For investors who want to cash out of this bull market now but delay the capital gains tax, there are ways to freeze today's profit but not realize it until 1997.
The main technique is called "selling short against the box," which has now survived efforts by the Treasury to disallow it.
The investment firm of A.G. Edwards & Sons provides this example of how it works: You own 100 shares of a stock bought five years ago for $20 a share and that now trades at $50.
The $5,000 you would realize from selling it is enough to meet the personal need for which you invested the money in the first place, or you are simply convinced the stock can't go much higher. But you'd rather have the $3,000 taxable profit for 1997.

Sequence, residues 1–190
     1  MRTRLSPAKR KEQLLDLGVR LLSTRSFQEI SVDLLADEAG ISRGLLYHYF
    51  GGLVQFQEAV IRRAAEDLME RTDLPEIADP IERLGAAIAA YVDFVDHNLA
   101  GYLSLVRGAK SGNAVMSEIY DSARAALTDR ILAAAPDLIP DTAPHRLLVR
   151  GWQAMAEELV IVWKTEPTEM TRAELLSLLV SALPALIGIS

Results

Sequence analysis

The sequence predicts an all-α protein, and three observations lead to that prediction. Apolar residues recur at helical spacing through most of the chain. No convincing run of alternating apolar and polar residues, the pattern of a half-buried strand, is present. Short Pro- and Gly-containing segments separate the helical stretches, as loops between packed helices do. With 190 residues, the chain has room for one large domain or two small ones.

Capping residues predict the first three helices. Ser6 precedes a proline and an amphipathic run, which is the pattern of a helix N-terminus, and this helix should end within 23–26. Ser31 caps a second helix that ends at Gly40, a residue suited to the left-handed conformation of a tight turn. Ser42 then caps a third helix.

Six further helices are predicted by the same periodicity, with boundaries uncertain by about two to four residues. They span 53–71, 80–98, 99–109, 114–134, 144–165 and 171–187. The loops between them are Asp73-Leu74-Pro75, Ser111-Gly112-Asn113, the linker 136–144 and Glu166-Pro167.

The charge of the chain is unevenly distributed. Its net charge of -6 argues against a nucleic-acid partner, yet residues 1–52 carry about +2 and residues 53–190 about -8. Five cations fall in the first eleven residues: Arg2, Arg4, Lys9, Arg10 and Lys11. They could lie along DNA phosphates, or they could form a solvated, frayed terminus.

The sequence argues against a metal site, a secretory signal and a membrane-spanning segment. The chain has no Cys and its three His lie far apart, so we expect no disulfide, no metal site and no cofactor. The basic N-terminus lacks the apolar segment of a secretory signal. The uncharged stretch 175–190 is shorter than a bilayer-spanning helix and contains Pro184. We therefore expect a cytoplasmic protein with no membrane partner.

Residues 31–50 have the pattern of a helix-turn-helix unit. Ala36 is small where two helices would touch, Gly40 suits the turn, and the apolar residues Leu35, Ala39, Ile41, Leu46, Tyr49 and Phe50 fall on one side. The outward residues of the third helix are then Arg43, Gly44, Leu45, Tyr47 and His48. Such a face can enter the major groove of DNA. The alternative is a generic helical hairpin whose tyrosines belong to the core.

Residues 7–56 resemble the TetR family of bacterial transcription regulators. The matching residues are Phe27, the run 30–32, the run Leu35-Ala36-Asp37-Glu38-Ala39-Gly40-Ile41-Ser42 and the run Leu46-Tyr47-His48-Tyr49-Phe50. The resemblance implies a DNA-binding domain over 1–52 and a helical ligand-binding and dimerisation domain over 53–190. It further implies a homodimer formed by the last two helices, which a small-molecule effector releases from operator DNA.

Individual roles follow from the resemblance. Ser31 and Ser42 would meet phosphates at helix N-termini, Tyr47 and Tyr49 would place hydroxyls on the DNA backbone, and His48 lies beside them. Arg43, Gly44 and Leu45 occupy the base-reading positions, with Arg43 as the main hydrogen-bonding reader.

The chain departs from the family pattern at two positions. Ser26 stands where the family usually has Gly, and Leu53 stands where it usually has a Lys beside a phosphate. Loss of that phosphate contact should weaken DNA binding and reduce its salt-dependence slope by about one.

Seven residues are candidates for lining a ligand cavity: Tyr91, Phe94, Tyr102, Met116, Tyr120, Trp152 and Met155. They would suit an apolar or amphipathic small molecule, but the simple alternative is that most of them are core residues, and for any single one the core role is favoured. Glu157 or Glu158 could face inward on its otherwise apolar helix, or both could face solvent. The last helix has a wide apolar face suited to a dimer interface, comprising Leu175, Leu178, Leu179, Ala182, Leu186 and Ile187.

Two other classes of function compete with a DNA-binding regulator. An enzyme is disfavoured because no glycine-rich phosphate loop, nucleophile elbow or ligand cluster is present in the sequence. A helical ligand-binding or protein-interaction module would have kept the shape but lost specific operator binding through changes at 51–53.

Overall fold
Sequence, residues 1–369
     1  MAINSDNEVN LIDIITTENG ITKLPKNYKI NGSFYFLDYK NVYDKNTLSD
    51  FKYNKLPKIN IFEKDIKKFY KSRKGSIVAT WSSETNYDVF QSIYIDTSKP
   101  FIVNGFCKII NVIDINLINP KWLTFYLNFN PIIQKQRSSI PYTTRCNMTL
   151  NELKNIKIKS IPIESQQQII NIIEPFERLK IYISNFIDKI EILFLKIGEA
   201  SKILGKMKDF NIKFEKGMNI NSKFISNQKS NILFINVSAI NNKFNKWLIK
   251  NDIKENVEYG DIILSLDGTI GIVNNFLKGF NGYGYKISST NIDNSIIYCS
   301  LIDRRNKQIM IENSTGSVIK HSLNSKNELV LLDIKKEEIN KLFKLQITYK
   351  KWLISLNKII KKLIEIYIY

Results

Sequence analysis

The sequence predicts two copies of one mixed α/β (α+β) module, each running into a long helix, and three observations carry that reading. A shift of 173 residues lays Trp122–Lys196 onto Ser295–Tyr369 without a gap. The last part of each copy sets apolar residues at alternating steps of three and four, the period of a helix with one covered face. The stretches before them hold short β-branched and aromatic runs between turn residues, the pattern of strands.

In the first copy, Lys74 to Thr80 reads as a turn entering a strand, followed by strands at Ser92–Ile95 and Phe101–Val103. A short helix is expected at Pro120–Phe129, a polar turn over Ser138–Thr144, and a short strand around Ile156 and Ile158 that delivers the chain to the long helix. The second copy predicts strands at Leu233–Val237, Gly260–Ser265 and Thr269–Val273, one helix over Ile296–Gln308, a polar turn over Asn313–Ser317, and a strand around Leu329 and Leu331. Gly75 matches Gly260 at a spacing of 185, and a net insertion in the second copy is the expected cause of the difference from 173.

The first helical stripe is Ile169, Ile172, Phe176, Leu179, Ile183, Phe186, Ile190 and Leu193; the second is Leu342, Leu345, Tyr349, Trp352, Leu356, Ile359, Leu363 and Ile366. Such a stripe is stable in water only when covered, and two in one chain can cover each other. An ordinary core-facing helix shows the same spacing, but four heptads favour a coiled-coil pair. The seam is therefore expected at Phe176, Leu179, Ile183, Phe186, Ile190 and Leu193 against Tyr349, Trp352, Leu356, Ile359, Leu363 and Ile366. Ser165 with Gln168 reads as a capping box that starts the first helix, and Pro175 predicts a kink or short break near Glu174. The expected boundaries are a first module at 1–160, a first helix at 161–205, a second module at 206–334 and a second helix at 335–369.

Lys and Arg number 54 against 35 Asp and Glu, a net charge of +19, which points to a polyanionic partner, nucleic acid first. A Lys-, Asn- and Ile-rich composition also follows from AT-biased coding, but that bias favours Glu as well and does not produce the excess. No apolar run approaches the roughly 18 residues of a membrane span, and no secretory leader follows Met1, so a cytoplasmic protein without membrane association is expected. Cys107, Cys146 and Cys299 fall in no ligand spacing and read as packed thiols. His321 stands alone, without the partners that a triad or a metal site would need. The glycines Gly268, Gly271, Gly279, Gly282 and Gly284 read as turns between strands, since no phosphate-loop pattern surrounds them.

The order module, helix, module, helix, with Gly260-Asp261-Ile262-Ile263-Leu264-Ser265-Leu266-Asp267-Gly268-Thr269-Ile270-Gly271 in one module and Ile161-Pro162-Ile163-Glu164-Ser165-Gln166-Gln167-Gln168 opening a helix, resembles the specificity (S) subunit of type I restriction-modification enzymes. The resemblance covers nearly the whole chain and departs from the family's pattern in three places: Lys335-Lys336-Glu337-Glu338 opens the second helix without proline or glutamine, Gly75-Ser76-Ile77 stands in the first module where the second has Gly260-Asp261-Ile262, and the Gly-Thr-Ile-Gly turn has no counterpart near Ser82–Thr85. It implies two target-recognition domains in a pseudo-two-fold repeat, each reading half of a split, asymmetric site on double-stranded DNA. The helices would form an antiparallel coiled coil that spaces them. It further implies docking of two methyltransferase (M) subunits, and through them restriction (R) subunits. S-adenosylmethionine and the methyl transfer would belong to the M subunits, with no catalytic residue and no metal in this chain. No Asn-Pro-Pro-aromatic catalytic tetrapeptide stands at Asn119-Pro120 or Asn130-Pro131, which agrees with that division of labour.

So you borrow 100 more shares from your broker and sell them employing the maneuver known as short-selling. After the short sale, your net exposure in the stock is zero--100 shares long, 100 shares short.
Come January, you can instruct your broker to use the 100 shares you own to "cover" (that is, close out) your short position.
There are other techniques as well, one using a "put" option contract, that you might consider with your broker or accountant.
Remember that if you do this, you won't benefit from a further rise in your stock's price, and you need to consider the transaction cost. The technique is probably not worth it on smaller holdings.